In this reportedly sixth meeting there were clear signs of affection between Modi and Trudeau, and Modi commented that Trudeau's visit was long awaited and very pleasant.
Trudeau accompanied by his wife and three children attended the welcome ceremony where, three-year-old Hadrien, putting his hat over his face during a family photo and shaking hands with everyone in the receiving line won the heart of the audience, .
(Reporting by Asha Bajaj)
#GfKKnowledgeNetworks, #USguns, #guncontrol, #US
Washington,Feb 23 (Canadian-Media): An internet-based survey fielded by the survey research firm GfK Knowledge Networks between March 15 and April 13, 2016, revealed 54 percent of gun owners reported not storing all their guns safely, media reports said.
This survey is reportedly the first nationally representative sample in 15 years to examine gun storage practices in U.S. households.
The survey definition based on research practices says that safe storage is when all guns stored in a locked gun safe, cabinet or case, locked into a gun rack or stored with a trigger lock or other lock.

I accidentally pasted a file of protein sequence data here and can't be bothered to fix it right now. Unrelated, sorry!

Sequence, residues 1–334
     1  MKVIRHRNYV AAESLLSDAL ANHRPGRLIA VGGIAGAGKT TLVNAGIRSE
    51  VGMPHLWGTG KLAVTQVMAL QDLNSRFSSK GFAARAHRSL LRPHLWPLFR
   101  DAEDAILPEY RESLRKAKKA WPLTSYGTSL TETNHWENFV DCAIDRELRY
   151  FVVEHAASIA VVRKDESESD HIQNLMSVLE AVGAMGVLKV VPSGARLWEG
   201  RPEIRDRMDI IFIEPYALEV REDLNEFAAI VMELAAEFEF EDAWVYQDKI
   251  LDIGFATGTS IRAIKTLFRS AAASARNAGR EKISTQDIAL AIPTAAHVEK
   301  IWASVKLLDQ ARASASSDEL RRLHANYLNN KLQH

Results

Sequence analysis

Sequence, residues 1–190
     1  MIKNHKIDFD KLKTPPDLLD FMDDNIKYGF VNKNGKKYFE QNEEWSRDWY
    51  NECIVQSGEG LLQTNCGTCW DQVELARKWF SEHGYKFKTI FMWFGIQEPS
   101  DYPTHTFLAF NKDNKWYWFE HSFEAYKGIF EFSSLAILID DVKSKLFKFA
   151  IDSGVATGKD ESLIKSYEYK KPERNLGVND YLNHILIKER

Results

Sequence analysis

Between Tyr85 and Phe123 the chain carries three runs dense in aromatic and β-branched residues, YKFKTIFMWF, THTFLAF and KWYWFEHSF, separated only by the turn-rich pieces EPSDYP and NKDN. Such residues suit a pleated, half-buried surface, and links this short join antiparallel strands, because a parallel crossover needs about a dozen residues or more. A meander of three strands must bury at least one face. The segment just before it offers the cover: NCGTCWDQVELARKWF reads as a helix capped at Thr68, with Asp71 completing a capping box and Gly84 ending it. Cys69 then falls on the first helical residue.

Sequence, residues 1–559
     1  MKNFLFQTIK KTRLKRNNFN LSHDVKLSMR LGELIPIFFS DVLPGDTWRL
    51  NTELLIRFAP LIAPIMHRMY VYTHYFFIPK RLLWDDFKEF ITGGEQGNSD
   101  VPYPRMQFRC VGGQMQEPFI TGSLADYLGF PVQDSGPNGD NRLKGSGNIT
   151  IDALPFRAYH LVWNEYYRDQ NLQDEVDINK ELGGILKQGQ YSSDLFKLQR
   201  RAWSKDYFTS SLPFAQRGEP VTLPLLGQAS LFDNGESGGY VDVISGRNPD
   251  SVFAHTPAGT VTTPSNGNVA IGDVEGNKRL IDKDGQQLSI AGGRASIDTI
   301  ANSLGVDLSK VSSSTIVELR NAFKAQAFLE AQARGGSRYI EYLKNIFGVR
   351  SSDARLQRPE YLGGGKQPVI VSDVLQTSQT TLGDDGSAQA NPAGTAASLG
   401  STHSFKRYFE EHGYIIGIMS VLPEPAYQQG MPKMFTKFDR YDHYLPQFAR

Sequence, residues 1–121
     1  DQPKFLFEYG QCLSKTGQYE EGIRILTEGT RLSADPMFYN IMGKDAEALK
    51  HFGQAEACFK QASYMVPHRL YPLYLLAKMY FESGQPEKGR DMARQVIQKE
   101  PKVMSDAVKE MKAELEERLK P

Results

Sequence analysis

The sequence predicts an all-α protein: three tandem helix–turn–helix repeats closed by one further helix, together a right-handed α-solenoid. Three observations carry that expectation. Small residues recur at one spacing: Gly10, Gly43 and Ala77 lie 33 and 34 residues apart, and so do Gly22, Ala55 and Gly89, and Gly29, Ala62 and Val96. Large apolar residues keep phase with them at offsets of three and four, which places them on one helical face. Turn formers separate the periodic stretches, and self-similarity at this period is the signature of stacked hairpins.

The findings will reportedly be published Feb. 22 in the American Journal of Public Health.
“Storage Practices of U.S. Gun Owners” was written by Cassandra Crifasi, PhD, MPH, Mitchell L. Doucette, MPH, Emma E. McGinty, PhD, MPH, Daniel Webster, ScD, MPH, and Colleen Barry, PhD, MPH.
“Household gun ownership can increase the risk of homicides, suicides, and unintentional shootings in the home, but practicing safe storage for all guns reduces these risks. The survey findings indicate a real public health emergency. More than half of gun owners in the U.S. are not storing all of their guns safely...with a trigger lock.” Cassandra Crifasi, PhD, MPH, an assistant professor with the Johns Hopkins Center for Gun Policy and Research and lead study author was reported to state.
The survey also revealed that children below 18 years of age were present in approximately one-third of the homes.